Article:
Friday, 26 March 2010

From Collection Trust: 10 principles for linked data in the cultural sector


10 PRINCIPLES FOR LINKED DATA IN THE CULTURE SECTOR

This is a huge week for me - lots to report and reflect on. and then, later, a space to have a think through these 10 principles from  a session organised by the UK Collection Trust. Below is a piece of their report from a session, including the 10 principles:  
1. Data is rich, and includes Data created by Users
Data includes all forms of digital asset, including those generated in collaboration with our users. We must guard against information silos in our organisations, and promote openness as widely as possible.

2. Linked Data serves both the sector and its audiences
Linked data has the power both to improve our service to the public and the management of our Collections. Connecting the data we hold and curate is the best way to achieve Public Value.

3. Linked Data connects the culture sector to a collaborative effort across the Public Sector
Linked Data connects the culture sector to the broader context of Public Sector delivery. It also enables the sector to benefit from investment and innovation in other industry sectors.

4. Linked Data can help us achieve more efficient practice
Providing and consuming Linked Data can reduce inefficiency, and add value to existing content creation. It helps us improve workflows, reduce duplication of effort and foster a culture of cooperation within organisations.

5. Linked Data can help us deliver on our commitment to Public Access
Services based on Linked Data provide a channel through which Culture-sector content can be enjoyed and used by a wider, more diverse public. Linked data carries an implicit right of reuse for our audiences.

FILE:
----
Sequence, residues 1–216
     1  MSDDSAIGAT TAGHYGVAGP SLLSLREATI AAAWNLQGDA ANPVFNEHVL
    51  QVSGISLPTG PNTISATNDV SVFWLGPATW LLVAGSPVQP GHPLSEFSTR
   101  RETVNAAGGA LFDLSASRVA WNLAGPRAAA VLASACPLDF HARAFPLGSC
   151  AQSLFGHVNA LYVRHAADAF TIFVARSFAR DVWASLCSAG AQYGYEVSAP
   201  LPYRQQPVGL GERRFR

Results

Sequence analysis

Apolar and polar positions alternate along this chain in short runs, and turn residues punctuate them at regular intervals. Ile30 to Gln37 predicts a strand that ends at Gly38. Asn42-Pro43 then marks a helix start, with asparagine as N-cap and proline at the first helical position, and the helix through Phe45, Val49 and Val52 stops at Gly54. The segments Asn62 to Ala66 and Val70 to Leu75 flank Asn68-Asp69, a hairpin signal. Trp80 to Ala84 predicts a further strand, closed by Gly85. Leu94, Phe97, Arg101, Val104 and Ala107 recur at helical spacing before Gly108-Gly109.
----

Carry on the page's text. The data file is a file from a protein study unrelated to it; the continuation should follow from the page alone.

6. Linked Data is the next phase in our adaptation to the Web
Linking Data is the next logical step in the evolution of cultural services from curation to digitisation to the delivery of rich, integrated and personal online services.

7. Linked Data should become an embedded function of the software we use
Linked Data will only achieve critical mass in the Culture sector when it becomes an out-of-the-box function of the systems and software we use.

8. We must communicate the benefits of Linked Data throughout the sector
Embracing Linked Data across the sector will not happen by itself. The benefits of Linked Data must be championed proactively throughout the sector by strategic and political agencies, funders, managers and policymakers.

9. We must commit to commissioning Open Data, not Open Source
Open Source systems do not guarantee that the data they contain will be openly available. As a sector, we must ensure that all funding programmes, commissioning and procurement include a requirement to make publicly-funded data openly-available using open and established industry standards.

10. We must support a commercial market of providers and suppliers to support Linked Data
There must be a viable business case to support a long-term transition towards providing Linked Data as an established function of the sector. We must ensure that the broader marketplace is aware of the range of data that museums, archives and libraries can provide.

See Collection Council blog for more detail and more context, here

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